New Zealand Cruises

On a New Zealand cruise, you can experience two spectacular islands that form one unique country. Because of its remote location and millennia of isolation, New Zealand boasts an incredible biodiversity of flora and fauna, many that are found nowhere else on Earth. Cruise New Zealand's Milford Sound in magnificent Fjordlands National Park. Learn about  “mana,” or “honor,” from a Maori elder. Sip a prize-winning Syrah from an Auckland winery. Visit Hobbiton, the Hobbit village where key scenes of “Lord of the Rings” were filmed and more when you cruise to New Zealand.

Featured Ports

In Partnership With

Auckland, New Zealand

New Zealand's biggest city, Auckland, is multicultural and cosmopolitan, with sizeable Polynesian, Asian and Maori populations enriching its history and broadening the palate. Internationally known chefs and fashion designers have made neighborhoods like Ponsonby, Newmarket and Parnell world-class destinations for shopping and dining. You're never far from the water in New Zealand—and this is especially true in Auckland where it's not unheard of for downtown workers to go kayaking on their lunch break. The once-gritty port has been transformed into inviting public spaces and buzzing nightclubs, with sailboat charters and regular ferry connections waiting to whisk visitors around the harbor for sightseeing.

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Milford Sound, New Zealand

Milford Sound is technically a fjord—a narrow inlet created by glacial erosion over thousands of years. While its geological history is long, its human history is not. It is believed that the Maori first explored the sound, and the rest of the area that is now part of Fiordland National Park, around 1,000 years ago; Captain Cook followed in 1770. But neither Maori nor Europeans created permanent settlements: The land was pristine when Fiordland National Park was established in 1952. The most breathtaking views are arguably those from the water, with rock faces looming above your ship as you sail through the landscape.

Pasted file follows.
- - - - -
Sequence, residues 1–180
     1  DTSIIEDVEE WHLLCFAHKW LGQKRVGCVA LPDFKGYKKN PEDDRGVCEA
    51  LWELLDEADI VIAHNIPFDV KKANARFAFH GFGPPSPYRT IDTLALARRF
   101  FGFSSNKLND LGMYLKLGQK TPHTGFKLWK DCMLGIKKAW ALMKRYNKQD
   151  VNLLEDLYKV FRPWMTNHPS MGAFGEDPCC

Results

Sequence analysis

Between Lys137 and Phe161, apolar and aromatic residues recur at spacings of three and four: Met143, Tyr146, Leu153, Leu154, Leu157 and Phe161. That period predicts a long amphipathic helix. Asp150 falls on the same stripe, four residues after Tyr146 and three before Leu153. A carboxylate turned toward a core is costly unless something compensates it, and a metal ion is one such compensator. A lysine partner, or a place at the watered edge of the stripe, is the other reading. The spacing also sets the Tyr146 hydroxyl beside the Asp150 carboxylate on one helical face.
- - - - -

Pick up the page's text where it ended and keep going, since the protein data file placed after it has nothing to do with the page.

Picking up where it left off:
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Timaru, New Zealand

Strolling along Timaru's hilly streets and past its historic buildings, you might not guess that the city was built on the lava flows of a now-extinct volcano with the evocative name Mount Horrible. Timaru's own name comes from the Maori Te Maru, which means \"place of shelter.\" Chief among its charms are its parks and gardens. As if the backdrop of the Southern Alps wasn't enough, a rose garden, boardwalk and beach enliven the waterfront. Up the hill, Centennial Park offers picnic spots and walking trails. The stellar Aigantighe Art Gallery and South Canterbury Museum showcase New Zealand and Maori art.
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Tauranga (Rotorua), New Zealand

The curved shoreline of the Bay of Plenty—known in Maori as Te Moana-a-Toi—is home to incredible surfing, white-sand beaches and New Zealand's only active marine volcano. Tauranga, with 130,000 residents, is the largest city on the Bay of Plenty and fifth largest in New Zealand. The city offers visitors a number of water-focused activities, like sailing and kayaking, as well as drier alternatives such as shopping and people-watching at a café in the Historic Village. Tauranga is also a great jumping-off point for exploring nearby beaches and Te Puke, the kiwifruit capital of the world, as well as a wealth of Maori cultural sites.